Baltimore City

Activists urge Baltimore officials to support the vulnerable, be proactive in preparing for arrival of coronavirus

Nearly a dozen activists demanded a meeting with city and state officials and urged them to take steps to protect vulnerable residents of Baltimore from the potential impact of the coronavirus at a rally in front of City Hall on Saturday.

Sharon Black of the People’s Power Assembly, civil rights activist Marvin “Doc” Cheatham, and Jennie Lu of National Nurses United were among those who made the case that because the poor and the homeless are generally the hardest hit during outbreaks of illness, the city must take specific steps to keep those groups safe should COVID-19 eventually hit Baltimore.


So far, each of the three reported cases of the illness in Maryland has been in Montgomery County.

Black read a list of 16 demands to onlookers and reporters, including a request that city officials use their emergency powers to create a plan to distribute food to vulnerable families, to suspend evictions and foreclosures for infected people and to feed school children who depend on school lunches each day should schools be closed.


They also demanded that plans be put in place to help the homeless in shelters and in the streets and to help immigrants who might be fearful of approaching government officials for assistance.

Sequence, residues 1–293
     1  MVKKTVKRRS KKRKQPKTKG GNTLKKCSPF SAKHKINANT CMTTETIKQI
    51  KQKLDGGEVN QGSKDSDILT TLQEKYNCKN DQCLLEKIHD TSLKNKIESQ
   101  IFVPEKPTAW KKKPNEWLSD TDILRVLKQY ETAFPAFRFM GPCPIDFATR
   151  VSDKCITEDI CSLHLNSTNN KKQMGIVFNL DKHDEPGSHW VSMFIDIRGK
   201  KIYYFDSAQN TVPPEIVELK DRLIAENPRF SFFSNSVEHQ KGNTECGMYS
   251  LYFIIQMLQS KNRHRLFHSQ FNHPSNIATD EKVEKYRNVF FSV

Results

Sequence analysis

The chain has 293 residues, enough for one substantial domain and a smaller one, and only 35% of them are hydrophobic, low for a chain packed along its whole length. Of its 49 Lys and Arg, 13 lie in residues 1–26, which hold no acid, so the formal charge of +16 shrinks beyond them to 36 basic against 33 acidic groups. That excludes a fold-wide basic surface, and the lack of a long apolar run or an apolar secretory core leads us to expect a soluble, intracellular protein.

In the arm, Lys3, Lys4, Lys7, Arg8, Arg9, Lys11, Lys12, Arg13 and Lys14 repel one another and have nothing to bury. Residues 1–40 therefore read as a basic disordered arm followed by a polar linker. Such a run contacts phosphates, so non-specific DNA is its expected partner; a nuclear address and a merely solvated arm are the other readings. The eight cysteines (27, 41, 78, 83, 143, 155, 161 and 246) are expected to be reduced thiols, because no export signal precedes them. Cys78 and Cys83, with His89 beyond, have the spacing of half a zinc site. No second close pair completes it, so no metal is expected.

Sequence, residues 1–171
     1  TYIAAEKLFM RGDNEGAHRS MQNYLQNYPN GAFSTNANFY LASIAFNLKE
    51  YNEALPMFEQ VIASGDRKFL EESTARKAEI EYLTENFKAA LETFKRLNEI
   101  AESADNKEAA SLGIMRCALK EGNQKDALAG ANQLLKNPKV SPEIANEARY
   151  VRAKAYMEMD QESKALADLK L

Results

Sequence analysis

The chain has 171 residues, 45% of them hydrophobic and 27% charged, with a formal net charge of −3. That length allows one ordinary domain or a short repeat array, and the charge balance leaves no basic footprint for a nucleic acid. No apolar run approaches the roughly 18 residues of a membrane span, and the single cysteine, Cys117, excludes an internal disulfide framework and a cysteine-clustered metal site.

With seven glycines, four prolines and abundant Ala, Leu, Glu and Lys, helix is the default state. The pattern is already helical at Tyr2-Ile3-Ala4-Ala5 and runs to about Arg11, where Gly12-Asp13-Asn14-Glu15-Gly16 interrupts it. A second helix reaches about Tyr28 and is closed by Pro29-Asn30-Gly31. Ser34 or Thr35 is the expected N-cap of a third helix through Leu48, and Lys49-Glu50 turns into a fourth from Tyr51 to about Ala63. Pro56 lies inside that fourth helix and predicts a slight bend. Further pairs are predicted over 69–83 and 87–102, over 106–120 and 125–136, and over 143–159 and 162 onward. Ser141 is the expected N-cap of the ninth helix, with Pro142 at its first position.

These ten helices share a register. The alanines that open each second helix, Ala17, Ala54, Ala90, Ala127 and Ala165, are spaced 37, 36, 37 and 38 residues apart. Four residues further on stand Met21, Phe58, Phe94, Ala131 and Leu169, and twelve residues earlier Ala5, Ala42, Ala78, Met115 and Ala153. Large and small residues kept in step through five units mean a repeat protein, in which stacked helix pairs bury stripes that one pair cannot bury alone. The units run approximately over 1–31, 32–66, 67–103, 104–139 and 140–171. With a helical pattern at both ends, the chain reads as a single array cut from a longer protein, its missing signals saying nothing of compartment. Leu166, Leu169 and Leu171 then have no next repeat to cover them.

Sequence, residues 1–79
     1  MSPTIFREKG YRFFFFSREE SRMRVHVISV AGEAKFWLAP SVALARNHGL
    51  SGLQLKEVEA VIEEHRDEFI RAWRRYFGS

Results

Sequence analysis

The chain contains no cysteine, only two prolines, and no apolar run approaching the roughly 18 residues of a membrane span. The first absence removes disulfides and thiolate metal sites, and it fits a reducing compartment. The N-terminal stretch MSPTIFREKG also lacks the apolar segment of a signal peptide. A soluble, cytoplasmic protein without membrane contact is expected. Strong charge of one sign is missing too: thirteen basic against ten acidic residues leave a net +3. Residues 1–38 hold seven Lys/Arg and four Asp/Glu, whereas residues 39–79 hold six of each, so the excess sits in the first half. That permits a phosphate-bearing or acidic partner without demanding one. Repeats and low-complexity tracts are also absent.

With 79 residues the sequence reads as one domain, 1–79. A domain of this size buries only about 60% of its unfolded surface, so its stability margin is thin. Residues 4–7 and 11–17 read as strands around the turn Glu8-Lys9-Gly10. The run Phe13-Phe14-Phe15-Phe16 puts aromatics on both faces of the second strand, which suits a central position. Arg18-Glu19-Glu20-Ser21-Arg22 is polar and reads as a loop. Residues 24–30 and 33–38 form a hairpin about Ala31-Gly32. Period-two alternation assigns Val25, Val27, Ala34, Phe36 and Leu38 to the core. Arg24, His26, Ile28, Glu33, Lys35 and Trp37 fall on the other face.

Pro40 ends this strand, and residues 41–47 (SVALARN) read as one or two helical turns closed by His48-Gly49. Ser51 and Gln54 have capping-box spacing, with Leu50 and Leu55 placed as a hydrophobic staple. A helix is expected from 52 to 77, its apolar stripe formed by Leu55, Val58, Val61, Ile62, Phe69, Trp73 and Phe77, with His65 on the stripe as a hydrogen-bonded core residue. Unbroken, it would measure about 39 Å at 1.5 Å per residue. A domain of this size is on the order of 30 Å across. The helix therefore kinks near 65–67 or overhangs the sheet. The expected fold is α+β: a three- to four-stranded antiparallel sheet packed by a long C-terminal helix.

“Concerns for the elderly and the poor, the homeless, prisoners and our immigrant population need to be addressed sooner rather than later,” Black said, adding that the demands were just the opening requests in what she hopes will be a series of meetings between activists and city and state leaders, including health department officials.

Lu told those gathered that a recent survey of nurses showed that only 29 percent believe their hospitals are sufficiently prepared for the current outbreak and argued that it’s especially important to protect “front line” health-care workers, both for their sakes and for the good of their potential patients. “If nurses are not protected, then nobody is protected,” she said.

Cheatham urged religious leaders to counsel precaution against the virus at their services Sunday.

“It’s estimated that 10,000 people will be in church [in Baltimore] tomorrow,” he said. “We’re challenging pastors, ministers, imams and rabbis to help get this word out.”

He also demanded an emergency meeting of local officials on the subject this week.

A spokesman for Mayor Bernard “Jack” Young did not immediately respond to a request for comment.